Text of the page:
Posts Tagged ‘In Memoriam’

Farewell, Richard

No Comments » Written on February 24th, 2017 by
Categories: News
Richard Hatch

I only just learned that actor Richard Hatch (shown here as a Klingon in Prelude to Axanar) died on February 7th. He was 71.

Back in March of 1999, I was in Sydney, Australia as the guest of a convention called BEST OF BOTH WORLDS 5. William Shatner was headlining the convention, but also on the bill were Richard, Robin Curtis, and me.

Bill was staying in a separate hotel from the rest of us, but I spent a lot of time hanging out with Richard. Highlights included watching the Oscars in his hotel room and listening to snarky stories about various nominees.

The three actors had been in Sydney for a day doing press, but I only arrived late in the afternoon the day before the convention was to start because I’d just flown in from New Zealand where I’d spent several days opening a Star Trek exhibit at the national museum in Wellington.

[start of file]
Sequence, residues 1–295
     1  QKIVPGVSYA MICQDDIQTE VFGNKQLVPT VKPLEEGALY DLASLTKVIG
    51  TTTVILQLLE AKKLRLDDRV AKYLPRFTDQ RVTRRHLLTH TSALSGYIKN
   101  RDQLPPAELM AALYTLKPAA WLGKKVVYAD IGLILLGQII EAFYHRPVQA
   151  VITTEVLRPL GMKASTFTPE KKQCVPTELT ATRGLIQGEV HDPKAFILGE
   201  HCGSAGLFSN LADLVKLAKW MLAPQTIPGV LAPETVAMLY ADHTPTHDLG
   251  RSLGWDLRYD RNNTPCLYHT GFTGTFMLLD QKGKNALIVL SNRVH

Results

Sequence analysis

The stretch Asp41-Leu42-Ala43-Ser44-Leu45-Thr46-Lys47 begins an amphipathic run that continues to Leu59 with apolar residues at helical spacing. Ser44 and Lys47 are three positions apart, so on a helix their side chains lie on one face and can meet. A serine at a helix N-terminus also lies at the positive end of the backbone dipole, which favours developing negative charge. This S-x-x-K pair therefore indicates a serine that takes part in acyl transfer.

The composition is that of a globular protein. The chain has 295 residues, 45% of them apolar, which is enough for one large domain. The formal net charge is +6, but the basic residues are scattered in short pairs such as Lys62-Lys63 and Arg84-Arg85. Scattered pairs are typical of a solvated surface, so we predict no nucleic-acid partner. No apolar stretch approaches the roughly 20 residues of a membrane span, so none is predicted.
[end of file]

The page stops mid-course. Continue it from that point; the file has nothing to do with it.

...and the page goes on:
Richard, Robin, and I were the honored guests at a special banquet in the hotel. I’d met Robin before at another con and we got along quite well, so our hosts put us at the same table. Richard was oof at another table, holding court. Because of the timing of things, Richard and I hadn’t even been introduced yet, and when Robin and I sat down at our table I remember her telling me “not to start anything” with Richard at dinner.

No one told Richard though, so he started it.

Over the course of the next hour, we took turns playing a series of jokes on one another. He took my dinner away when I wasn’t looking. Then, while he was up from his table and talking to someone across the room, I removed his place setting and chair, and had everyone at his table shift so the round of eight became a round of seven and it was like he’d never been there. In retaliation, he had a member of the hotel staff come up to me to inform me I had phone call from the states, and that I could take it downstairs at the front desk. I rushed down, only to find a note in bad Klingon that basically said “ha ha, we got you.”

When I returned to the banquet room Richard was grinning. I told him how relieved I was that the call was a fake because my father was very ill (which was true) and the only reason someone would be calling me from the US would be to tell me he had died. Richard stopped laughing, and we sat down and began to chat.